By association, even honest and needy welfare recipients are often unfairly classified as cheats. Using the card will reduce social security cheating. It will greatly increase community respect for all genuinely needy pensioners and beneficiaries. It will increase public confidence in the value of the Government's welfare programs. It will make the community more accepting of the need to pay taxes to support the genuinely needy. It will allow the billions of dollars clawed back from the welfare cheats and, I might say, from the tax avoiders and evaders, to be redistributed to the genuinely needy, raising their standard of living. More jobs will also be created for the unemployed by forcing many illegal immigrants out of employment. Establishing identity conclusively is a problem for many pensioners and beneficiaries. Having established their identity once to obtain a card, such persons will find it much easier to establish or re-establish their identity with the Department of Social Security on an ongoing basis.

The Opposition talked freely about using people's birth and marriage certificates as proof of identity. That would mean that honest people would be forced to disclose things they may not feel are the business of clerks or the Government, things such as children born out of wedlock and parents who have never married. As someone who is very involved in family research, I know how sensitive people can be to these matters. Yet those opposite do not seem to care very much about the feelings of people. The methods they propose will cause a great deal of unnecessary hurt and embarrassment to people every time they have to produce these documents to prove their identity.

In the majority report there is talk of extending the use of tax files numbers to cover all financial transactions proposed in the Government's submission for the use of the Australia Card number by the Australian Taxation Office as well as for social security purposes. The report also calls for increased integrity in the Medicare system and, obviously, the continuation of an independent register for Medicare. There is no talk of cost. What appears to be wanted is a duplication of the system. I put it to honourable senators that that would not involve a small cost.

Probably the only point of divergence between the report and this Bill is to call for the tax file number integrity to be upgraded to that of the proposed Australia Card number-in other words, the tax file number versus the Australia Card number. The majority recommendation in chapter 4.12 (d) (iii) states that all other taxpayers and persons who do not currently possess a tax file number verify their identification to the same level of integrity as proposed under the Australia Card. This, to me, indicates a couple of things. Obviously the integrity of the Australia Card is not in question. It is a system of high integrity. They also appear to believe that the Australia Card system and the integrity involved therein are something that should be emulated by the tax file number.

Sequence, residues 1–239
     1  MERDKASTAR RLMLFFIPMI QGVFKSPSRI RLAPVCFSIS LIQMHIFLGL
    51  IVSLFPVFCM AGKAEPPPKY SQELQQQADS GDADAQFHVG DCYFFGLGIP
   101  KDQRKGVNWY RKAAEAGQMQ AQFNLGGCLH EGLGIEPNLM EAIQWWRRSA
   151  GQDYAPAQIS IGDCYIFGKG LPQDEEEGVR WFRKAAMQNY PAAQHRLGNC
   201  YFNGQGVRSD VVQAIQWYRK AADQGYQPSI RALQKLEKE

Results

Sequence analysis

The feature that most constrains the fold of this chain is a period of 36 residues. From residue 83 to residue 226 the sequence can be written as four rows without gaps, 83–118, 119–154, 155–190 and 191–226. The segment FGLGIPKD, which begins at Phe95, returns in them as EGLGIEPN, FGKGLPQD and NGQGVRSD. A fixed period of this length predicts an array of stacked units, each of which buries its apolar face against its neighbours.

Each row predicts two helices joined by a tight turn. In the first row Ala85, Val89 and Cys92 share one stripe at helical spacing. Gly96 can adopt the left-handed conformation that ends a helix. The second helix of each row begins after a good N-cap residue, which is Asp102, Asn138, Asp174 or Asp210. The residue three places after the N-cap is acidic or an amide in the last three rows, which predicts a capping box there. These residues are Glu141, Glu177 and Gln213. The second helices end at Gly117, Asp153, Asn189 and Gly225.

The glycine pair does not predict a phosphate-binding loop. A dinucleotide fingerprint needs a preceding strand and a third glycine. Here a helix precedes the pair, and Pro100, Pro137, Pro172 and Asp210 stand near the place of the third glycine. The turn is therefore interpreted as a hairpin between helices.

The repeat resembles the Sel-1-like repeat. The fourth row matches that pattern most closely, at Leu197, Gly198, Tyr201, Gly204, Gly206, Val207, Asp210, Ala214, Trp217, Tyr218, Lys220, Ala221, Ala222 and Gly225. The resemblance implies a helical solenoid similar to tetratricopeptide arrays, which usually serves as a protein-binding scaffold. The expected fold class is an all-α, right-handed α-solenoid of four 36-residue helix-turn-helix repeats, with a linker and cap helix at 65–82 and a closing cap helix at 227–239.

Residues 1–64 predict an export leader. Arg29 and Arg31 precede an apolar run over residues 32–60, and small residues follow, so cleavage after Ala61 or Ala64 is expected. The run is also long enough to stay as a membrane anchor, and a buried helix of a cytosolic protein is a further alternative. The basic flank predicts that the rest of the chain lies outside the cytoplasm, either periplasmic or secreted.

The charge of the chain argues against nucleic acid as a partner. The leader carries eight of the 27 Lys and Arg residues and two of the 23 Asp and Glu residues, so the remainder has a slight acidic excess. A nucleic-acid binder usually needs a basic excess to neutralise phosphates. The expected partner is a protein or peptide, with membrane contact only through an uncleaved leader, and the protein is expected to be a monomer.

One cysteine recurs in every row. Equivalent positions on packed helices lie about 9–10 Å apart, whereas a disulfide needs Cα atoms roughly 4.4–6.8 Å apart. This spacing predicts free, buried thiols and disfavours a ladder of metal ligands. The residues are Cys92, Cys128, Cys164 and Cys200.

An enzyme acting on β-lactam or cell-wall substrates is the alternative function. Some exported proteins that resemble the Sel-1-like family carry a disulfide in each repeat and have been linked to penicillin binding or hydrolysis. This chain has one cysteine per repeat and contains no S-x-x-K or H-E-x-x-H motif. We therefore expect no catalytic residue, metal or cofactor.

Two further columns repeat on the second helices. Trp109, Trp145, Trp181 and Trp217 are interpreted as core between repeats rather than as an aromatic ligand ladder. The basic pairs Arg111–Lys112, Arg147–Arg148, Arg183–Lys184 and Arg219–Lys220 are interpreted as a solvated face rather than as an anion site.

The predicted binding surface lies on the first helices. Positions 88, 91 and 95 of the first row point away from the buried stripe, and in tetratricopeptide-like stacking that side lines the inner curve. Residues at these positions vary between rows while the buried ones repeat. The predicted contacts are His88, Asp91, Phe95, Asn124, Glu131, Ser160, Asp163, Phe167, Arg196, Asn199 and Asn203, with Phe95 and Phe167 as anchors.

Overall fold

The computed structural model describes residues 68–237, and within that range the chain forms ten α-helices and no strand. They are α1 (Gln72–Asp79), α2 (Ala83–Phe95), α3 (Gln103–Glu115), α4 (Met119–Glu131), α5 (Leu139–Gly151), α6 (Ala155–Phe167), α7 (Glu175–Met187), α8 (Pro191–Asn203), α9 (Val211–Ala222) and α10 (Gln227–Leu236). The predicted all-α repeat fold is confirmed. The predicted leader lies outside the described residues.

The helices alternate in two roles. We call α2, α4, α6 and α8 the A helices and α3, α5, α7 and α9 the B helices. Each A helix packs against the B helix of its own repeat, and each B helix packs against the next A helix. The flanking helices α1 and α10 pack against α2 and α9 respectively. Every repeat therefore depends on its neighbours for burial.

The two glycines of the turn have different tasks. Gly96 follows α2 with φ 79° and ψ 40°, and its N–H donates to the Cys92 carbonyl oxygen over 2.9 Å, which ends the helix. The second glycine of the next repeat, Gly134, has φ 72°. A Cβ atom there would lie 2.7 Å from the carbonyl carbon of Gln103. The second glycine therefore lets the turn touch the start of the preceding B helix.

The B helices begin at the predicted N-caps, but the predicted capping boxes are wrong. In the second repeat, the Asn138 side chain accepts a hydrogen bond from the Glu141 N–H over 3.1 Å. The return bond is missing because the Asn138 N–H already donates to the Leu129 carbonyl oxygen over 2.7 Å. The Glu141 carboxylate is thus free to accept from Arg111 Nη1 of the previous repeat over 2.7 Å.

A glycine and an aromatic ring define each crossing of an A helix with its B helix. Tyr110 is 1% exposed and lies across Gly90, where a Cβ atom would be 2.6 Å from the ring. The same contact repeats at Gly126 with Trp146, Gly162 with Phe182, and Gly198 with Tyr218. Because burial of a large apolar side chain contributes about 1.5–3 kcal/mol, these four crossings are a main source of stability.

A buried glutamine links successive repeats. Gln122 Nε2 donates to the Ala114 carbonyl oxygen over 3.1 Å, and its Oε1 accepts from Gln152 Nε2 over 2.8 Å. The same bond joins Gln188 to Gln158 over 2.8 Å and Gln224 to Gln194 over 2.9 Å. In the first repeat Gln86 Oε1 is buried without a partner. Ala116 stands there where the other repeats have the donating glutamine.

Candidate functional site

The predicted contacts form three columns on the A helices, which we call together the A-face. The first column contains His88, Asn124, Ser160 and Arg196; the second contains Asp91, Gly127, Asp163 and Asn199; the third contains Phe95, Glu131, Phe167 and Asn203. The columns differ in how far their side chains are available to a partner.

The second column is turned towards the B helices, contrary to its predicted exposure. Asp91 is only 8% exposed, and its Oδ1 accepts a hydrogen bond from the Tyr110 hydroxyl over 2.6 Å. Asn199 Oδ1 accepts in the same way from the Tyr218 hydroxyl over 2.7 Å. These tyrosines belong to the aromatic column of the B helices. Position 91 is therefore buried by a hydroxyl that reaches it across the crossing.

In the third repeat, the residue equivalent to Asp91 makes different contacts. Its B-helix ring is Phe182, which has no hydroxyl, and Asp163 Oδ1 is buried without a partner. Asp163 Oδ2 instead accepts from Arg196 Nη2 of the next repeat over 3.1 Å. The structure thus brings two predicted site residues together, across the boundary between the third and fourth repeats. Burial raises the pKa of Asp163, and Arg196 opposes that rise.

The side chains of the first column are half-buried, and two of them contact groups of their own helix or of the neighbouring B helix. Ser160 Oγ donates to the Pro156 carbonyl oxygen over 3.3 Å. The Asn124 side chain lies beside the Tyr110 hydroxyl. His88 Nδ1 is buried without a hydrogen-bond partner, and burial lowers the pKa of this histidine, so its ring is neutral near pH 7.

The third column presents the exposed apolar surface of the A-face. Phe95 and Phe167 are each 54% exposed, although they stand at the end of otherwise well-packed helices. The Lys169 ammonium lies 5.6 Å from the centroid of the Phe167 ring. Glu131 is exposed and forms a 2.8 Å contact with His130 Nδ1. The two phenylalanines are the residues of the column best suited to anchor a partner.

Another point, however, is that that statement appears to have greater faith in the human nature of tax avoiders and evaders than has previously been established. I want to know how we are to identify those taxpayers or persons who do not have a tax file number. Are we to go out into the community and say: `Hands up those who don't have a tax file number or who aren't paying tax'? For the last 86 years such people have not paid tax to the Federal Government and I do not see that they will change because we think they should. Several million unclaimed group certificates are sitting in Taxation Office offices around Australia-obviously unclaimed by people who are not able to be identified by their taxation returns. People are moonlighting and working under assumed names. I suggest that they will never be found by the Taxation Office to be given a tax file number. They do not want to be found, to start with.

If we were to plan to catch them we would need an absolute army of people to police this. No member of the Opposition has ever said how this would be policed or at what cost. For an Opposition that is claiming to be about cutting government spending and cutting the size of the public sector I want to know how it would get greater integrity into the tax file number and also police and chase up those without numbers and chase up the avoiders and the evaders. Under its policy of cutting government spending and the number of public sector employees, is this something else that will be privatised? The Taxation Office also readily admits that the tax file number was never intended as a unique identification number. There are numerous false identities in the system, and the lack of documentation, secure or otherwise, effectively removes from users the ability to ensure that the number presented is the rightful number of the bearer. In Mr Porter's contribution in the other place he said: